I have a wardrobe palette of mostly black and white — less strictly enforced and more about just what I’m drawn to. I recently interviewed Greg Armas of the NY boutique brand Assembly, and talked about the freedom that comes with developing a style uniform, how it forces you to notice quality and detail. I like the daily reminders to pay attention.


Leigh Patterson directs creative content for editorial and visual projects. She is the editor and co-founder of the design journal synonym. She is currently working in Philadelphia as Senior Content Editor for Urban Outfitters.

9 comments
  1. 1
    Jennifer Rose Smith | September 30, 2014 at 1:58 pm

    I love the idea of the “art-object” and creating unexpected art from things you already own. My favorite interiors don’t ever “play it safe”. Thanks for showing us that simplicity can be daring! You’ve given me some great ideas to incorporate into my approach to shopping.

    Reply
  2. 2
    kelly colchin | September 30, 2014 at 2:44 pm

    Such an inspiring post! Thanks for sharing your vision, Leigh.

    Reply
  3. 3
    Micaela | September 30, 2014 at 5:01 pm

    I’ve pretty much been forced into a minimal way of living due to the fact that I’ve moved an island, without a licens or a car, so I’ve been moving with my backpack. It really shows what you do and do not need in your life, and it’s a perfect opportunity to go “secondhand”-hunting!

    Reply
  4. 4
    Dana | September 30, 2014 at 6:58 pm

    This is so beautiful and inspiring. Leigh is the most amazing!! Go Leigh go!

    Reply
    • Lauren Smith Ford | September 30, 2014 at 8:27 pm

      Dana, you are right! Leigh is quite inspiring!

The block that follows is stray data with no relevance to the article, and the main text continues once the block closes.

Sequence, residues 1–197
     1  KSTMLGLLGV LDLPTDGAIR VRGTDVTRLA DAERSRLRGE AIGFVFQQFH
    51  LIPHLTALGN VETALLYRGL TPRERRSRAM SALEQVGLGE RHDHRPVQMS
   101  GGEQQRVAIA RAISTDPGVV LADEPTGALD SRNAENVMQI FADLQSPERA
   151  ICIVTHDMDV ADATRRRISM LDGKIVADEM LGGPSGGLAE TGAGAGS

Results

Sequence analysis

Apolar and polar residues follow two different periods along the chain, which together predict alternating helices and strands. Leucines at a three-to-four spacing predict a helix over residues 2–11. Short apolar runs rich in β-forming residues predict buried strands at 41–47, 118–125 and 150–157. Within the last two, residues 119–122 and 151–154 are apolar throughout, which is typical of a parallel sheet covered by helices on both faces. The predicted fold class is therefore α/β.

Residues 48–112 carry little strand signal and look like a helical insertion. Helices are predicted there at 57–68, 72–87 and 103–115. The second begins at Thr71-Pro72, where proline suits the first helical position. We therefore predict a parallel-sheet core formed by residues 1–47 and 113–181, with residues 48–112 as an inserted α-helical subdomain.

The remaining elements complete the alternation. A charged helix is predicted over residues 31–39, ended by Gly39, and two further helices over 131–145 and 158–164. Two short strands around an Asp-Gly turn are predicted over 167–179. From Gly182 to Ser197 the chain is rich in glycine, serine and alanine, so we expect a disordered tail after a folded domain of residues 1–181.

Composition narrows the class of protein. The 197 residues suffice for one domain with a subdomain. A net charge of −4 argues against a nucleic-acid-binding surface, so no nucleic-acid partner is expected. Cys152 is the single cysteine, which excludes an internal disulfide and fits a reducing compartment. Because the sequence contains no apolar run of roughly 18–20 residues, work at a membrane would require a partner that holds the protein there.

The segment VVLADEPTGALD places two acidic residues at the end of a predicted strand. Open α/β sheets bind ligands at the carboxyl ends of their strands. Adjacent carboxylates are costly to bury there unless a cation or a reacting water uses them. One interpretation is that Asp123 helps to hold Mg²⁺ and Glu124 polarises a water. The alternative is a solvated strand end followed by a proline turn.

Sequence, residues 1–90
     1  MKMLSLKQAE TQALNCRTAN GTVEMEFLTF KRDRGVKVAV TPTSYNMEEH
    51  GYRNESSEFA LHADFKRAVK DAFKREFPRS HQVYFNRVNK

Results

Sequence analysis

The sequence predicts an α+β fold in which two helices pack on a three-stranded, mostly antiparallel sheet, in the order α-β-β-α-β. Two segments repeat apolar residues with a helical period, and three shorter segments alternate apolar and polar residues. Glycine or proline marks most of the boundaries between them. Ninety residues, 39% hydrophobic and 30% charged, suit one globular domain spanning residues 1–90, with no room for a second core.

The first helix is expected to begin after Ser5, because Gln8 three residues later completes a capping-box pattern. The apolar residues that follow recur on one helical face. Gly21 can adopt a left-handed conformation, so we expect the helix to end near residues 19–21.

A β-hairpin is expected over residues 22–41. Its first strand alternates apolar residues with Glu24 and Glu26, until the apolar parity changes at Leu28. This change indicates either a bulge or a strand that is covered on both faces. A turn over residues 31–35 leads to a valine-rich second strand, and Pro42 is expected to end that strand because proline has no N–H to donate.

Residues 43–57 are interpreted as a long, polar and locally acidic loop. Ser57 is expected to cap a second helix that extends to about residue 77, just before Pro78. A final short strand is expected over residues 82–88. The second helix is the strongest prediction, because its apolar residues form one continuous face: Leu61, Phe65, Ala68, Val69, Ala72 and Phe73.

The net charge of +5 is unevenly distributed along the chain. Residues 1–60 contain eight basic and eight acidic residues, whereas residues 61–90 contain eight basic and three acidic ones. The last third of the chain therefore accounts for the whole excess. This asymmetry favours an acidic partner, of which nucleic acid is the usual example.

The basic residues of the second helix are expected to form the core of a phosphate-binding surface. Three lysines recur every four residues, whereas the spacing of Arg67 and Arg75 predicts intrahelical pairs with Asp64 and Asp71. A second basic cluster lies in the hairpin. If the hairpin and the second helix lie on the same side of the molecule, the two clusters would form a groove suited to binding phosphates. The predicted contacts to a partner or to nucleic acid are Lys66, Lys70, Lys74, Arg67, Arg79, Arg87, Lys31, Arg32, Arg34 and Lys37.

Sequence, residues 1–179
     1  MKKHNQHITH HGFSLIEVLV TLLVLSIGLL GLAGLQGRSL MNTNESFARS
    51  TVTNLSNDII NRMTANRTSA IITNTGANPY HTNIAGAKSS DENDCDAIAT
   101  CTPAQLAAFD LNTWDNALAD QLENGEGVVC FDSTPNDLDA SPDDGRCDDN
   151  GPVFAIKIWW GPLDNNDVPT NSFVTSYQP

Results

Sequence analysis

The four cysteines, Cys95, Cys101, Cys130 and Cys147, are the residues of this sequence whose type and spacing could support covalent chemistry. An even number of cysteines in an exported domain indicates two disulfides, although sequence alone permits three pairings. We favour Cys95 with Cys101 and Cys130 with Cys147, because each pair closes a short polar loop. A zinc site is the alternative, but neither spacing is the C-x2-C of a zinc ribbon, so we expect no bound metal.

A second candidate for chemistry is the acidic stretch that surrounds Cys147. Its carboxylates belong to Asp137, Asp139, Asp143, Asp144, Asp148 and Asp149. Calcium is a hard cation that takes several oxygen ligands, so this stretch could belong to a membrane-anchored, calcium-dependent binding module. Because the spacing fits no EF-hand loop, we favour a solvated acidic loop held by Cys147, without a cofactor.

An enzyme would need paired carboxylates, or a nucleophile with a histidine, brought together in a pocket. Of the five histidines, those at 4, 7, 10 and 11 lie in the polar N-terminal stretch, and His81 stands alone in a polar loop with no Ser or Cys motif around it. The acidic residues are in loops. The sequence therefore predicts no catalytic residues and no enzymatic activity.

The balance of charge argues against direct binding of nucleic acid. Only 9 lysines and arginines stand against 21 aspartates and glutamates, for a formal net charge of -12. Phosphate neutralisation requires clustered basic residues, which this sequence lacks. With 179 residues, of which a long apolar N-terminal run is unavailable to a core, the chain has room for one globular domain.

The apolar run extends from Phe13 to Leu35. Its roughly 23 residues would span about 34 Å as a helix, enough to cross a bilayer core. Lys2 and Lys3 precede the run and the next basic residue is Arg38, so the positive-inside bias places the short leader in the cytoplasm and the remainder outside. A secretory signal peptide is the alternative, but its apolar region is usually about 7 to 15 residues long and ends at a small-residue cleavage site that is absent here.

Reply
  5. 5
    Rachel | October 1, 2014 at 11:58 am

    Minimalist living is a delicious way of life. My husband and I have always avoided clutter and useless knick-knacks, but when we moved cross-country on our own dime, we really discarded anything that we weren’t in love with. We are inclined towards a daily uniform – for me that’s just a great bag and shoes, black tee/blouse/sweater and jeans. Shiny sleek hair, white straight teeth and fresh bright skin are my only accessories besides my wedding ring. When I encounter women who are over-fragranced or accessorized, they strike me as being insecure. Nope – we are happy to choose quality over quantity…

    Reply
  6. 6
    arielle | October 1, 2014 at 8:08 pm

    this is such a great post. we all need to minimalize and I could really use a step in the minimal direction. thanks for all of the great tips!

    love, arielle
    a simple elegance

    Reply
  7. 7
    Kelsey M | October 1, 2014 at 11:07 pm

    For the first few years I lived in NYC I got rid of a lot of stuff because I moved almost every year but once I settled into Brooklyn things started to pile up again. Hoping to excavate and get rid of a lot of stuff soon so that I can have more physical space for my “mental space”.

    Reply
  8. 8
    Hallie Stephens | October 10, 2014 at 1:33 pm

    Hi There! I am a huge fan of the blog. In fact, not a day passes that I don’t check in. I recently started a lifestyle blog with two of my best friends, one of whom lives in New York, the other in London. I enjoyed this post so much, that I included it in my Friday Link Love. Such a helpful and insightful entry! If you want to check out our link back to your post, you can see it here: http://www.videndae.com/lifestyle/friday-link-love-3/

    Reply